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Tom_Mauriello
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« Reply #40 on: February 21, 2008, 12:28:31 am »

Lots of posts since my last one ...

The NAE screw up was an oversight on our fault.  Our Board approved our joining in 2007.  At that point my team in the office moved ahead and worked on the paperwork and filing information and sent it in.  We did not realize a vote would also need to take place.  We will correct the site next week and also apologize to the NAE.  We are joining under the organization heading, not in the church group, so we will be listed on a different page as a seperate organization once it all goes through.

My point in posting here was not to rewrite history or misinform.  After we updated our site it seemed to cause a lot confusion and make things worse and I hoped I could help.  All of the GC acronymns do not help!  The histories do connect, the current leadership structures are what provide a different context for guidance and leadership in the churches.

The Tempe Church is a GCC church, but may have or had missionaries serving there, but would be under the direction of the local elders / GCC.

The updates we made to our page were a result of feedback we received, including some from members here.  The point of noting the churches and not the mission organization is one of leadership context.  The doctinral issues can only be dealt with through the leadership boards of the church groups.  GCM serves a wide variety churches now, including some that have never been a part of the GC Movement.

I know this is frustrating for you all ... I do appreciate whatever grace can be given me in the midst of it.

Tom
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lone gone
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« Reply #41 on: February 21, 2008, 07:10:22 am »

Thanks Tom,

You inherited an organizational mess and now are dealing with the fallout.

Sadly this does point out the lack of maturity by leadership when they first set this up years ago. Making modifications while maturing seems like the right thing to do, but in reality it shows how little effort was made  to consult with anyone outside the "movement"  who could assist with pretty basic administrative matters.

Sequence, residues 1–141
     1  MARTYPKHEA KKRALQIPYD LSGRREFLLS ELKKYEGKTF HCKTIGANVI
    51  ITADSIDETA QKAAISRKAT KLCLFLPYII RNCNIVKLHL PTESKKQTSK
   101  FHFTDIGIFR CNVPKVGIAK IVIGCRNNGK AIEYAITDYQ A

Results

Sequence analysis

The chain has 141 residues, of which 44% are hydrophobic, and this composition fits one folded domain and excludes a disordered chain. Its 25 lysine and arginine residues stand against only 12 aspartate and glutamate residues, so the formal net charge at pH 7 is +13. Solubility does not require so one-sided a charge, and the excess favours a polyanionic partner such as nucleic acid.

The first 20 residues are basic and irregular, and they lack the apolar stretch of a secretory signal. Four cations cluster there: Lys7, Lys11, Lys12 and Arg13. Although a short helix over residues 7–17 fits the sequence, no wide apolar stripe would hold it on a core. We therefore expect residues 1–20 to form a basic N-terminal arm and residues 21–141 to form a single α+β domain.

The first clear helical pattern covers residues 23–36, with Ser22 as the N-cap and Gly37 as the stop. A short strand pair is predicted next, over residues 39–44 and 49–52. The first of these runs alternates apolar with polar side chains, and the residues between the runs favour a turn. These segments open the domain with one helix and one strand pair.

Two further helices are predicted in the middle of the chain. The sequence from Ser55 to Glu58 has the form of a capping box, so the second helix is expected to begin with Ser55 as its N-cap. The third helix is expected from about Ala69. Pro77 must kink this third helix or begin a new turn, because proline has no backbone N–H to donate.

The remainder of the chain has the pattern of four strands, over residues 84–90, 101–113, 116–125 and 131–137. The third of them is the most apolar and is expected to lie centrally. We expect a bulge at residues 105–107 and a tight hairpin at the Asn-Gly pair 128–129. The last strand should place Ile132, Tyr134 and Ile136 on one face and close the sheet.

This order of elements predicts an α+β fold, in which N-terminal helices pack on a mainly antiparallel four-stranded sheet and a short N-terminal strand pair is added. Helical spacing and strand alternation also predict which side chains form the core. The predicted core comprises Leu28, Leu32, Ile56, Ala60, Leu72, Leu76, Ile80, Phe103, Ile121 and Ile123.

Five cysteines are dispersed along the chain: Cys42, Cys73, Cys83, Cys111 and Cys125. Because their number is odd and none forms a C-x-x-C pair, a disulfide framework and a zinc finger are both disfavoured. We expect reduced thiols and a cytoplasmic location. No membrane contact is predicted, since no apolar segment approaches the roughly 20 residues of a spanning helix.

Hiring you from the outside shows improvement in judgment by someone.
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Linda
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« Reply #42 on: February 21, 2008, 07:15:55 am »

Tom,

Thank you very much for posting and answering questions.

I do need to let you know that I was told that application for membership in the NAE came "sometime in February" in the form of an online application. So, whoever was supposed to fill in the application, didn't do it in December right after the meeting.

As I understand it, the board of NAE must approve all applications and the next meeting after your application was received will be in three weeks. But, I suppose it is more of a "rubber stamp" meeting and can understand how you would think that if you filled in the application and paid the money you were a member.

Also, about the comment in your Q & A, the word "detractors" means:

Quote
to diminish the importance, value, or effectiveness of something


I don't think that this forum is diminishing the effectiveness of GC organizations in any way. Actually, they are doing a great job of that by themselves. My goal in posting is to inform people that there are some very non-traditional views held by some GC pastors, there is a history of abuse and excommunications that seem to continue (and an error statement, I might add), and the views and behavior seem to be part of the belief system. So, the only thing left (after trying to correct the errors with the leaders) is to warn people (and some of those people may just be pastors) that some of the beliefs held by GC churches are highly unorthodox and very unsound.

So, could you call us a group of "warners" instead of "detractors"? :lol:

At any rate, thanks for posting here. I understand that GCM works with non-GCC churches, and maybe your goal is to serve more non-GCC churches than GC churches, but as it stands now, in the minds of many in GCC, the two organizations are pretty much the same thing.
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namaste
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« Reply #43 on: February 21, 2008, 07:46:36 am »

So...lemme get this straight.

According to Tom, the President of GCM, we shouldn't be worried about GCM, because they're just a shell-entity for staffers to use to raise support.  GCM staffers could be anywhere, with any church (the vast majority are with GCC, however).

So people shouldn't be upset with GCM, because they're just a fundraising entity, they should complain about GCC, because they're the church group that actually hurts people, and has authority over the GCM staffers?!